When we were in Ireland, Eric and I kidnapped Jordan and Aaron for a day and took them to Johnstown Castle and Kilmore Quay. We had the best time, and they were good sports indulging my auntie kisses. I love those funny, sweet boys!
My first job in San Francisco was as an Irish Geisha girl. I answered an ad in the paper for "hostesses" at a karaoke bar in the Tenderloin called Ichirin, which was down an alley near Mason and O'Farrell. (If you're not familiar with SF, that's almost as gritty as it gets.) It's half a block from the Pine Crest Diner, where the cook murdered the waitress in 1997, and where the Zodiac killer got into the cab of one of his victims in 1969.
Ichirin was ruled by Mama-san, a tiny vicious woman who wore a Kimono and berated us if we weren't dressed nicely enough, or if we didn't fawn over the customers to her satisfaction.
There were several Irish Geishas working at Ichirin. It was during a time where immigration from Ireland was increasing (thanks to the Donnelly Visa, which was the reason I came to the US). The turnover was huge and they were always looking for people, and it paid $8 an hour, which was pretty good in 1989.
Our responsibilities were:
Sit with the customers (Japanese businessmen) at their tables and pour drinks for them. Every one of them drank Chivas Regal scotch, and had their own numbered bottles kept at the bar that they drank from every time they came in.
Light their cigarettes.
Encourage them to sing (at $5 a song).
Clap after they sang
Be as social and charming as we could be with the language barrier.
Often the only thing to do when making conversation with a man who didn't speak much English was ask him to teach me some Japanese. I can still say several sentences with a passable accent.
My shift was from 9:00 pm to 1:00 am. Some girls stayed until 2:00 am, and I suspect that they went above and beyond their official duties, if you get my drift.
I used clock out at 1:00 and walk up to the the bus stop for the night bus home. I was freshly off the boat, and quite sheltered I suppose. I guess Dublin had its share of prostitutes, but I am quite sure there were no tranny hookers in Dublin at the time I lived there (I could be wrong). So I was baffled by the impossibly tall women with large feet I saw traipsing around, and the cars driving by slowly with the driver looking at me expectantly. Once or twice, a car would stop by the bus stop and lower the window. This is how naive I was: my first thought was, "oh, he must be lost and need directions." After a couple of those incidences, I wised up and avoided catching the eye of drivers.
I worked there for eight or nine months. I look back on those days and I am amazed I put up with that job and didn't find it weirder at the time. I didn't like it, but I thought it was an easy enough way to make money. I don't know. I was 23!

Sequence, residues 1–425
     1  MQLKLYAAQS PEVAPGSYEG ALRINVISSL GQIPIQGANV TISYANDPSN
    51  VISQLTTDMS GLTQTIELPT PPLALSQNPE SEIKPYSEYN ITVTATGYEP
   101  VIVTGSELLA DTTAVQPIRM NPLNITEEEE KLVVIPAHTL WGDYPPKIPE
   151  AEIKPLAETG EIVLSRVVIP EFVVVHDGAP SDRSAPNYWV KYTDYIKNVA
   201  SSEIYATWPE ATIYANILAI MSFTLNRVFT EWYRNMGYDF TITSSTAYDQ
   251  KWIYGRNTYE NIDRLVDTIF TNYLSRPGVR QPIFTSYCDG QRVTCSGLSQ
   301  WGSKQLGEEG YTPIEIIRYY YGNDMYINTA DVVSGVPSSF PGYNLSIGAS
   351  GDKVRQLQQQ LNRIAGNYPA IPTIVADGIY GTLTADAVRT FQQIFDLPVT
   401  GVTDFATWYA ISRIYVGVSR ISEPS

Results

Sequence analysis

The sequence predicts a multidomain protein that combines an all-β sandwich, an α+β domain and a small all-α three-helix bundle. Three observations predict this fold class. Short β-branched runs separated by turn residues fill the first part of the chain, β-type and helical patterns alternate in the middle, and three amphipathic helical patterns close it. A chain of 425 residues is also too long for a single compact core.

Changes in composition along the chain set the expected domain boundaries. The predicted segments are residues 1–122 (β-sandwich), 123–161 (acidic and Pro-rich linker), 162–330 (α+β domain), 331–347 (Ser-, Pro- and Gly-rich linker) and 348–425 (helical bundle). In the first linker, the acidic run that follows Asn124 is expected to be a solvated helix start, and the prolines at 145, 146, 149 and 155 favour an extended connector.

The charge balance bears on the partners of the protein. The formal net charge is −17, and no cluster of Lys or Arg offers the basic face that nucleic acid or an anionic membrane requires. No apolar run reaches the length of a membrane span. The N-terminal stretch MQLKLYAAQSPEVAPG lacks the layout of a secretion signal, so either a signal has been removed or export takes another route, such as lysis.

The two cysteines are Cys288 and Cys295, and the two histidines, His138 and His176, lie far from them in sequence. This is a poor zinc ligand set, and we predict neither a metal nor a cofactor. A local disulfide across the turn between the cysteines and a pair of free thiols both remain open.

No I didn't wear a Kimono. Eric's friend John Walson took this photo of me in Japantown - years after my stint as an Irish Geisha.
Icirin is long gone. It's not another restaurant. It's just boarded up and abandoned.
I once worked with a guy named Rick who was laughing so hard when I told him these stories, he had to lie down on the floor of his office.
When I was about 5 or 6, I woke up having had a little wet-the-bed accident. I was embarassed and tried to make my bed to hide the evidence. But I didn't do a good job, so later my mom was remaking my bed, and she says, "Anne...did you have an accident last night?" I shouted , "no!" and ran out of the room and out of the house.
I clearly remember wandering around the garden feeling sad, picking little leaves off a shrub and thinking, "this is the worst day of my life."
When I was 11 or so, the family took a trip to Kerry, where my dad grew up, to visit aunts and uncles and cousins. One day, my mom took all the kids to visit my dad's stepmother out in the country.
We all piled out of the car and into her little cottage where she was waiting to greet us. She said with a big smile, "ah, here's Liz and John and Michael. Where's Anne, and who's this little boy?"
Again when I was at the awkward, freckly, lanky age of 11 or 12, and my sister was 9, she wanted to take a gymnastics class up at the community center near our house.
My dad bribed me (with swimming pool money) to take the class with Liz. It was full of girls like her - little, blonde, cute. I was a head taller than everone else, with brown short hair that my mother still cut, and I was not cut out for gymnastics.
The only part I really remember (and you will see why soon) is when we had to run around in a circle and jump over a pommel horse. All the blondies were sailing over the jump, but I couldn't do it - so I would just run around it. I was feeling very self conscious. The big room had several mothers standing around watching their little darlings, and as I lumbered past, I heard one of them say to her friend, "that boy's a bit big to be in here, isn't he?"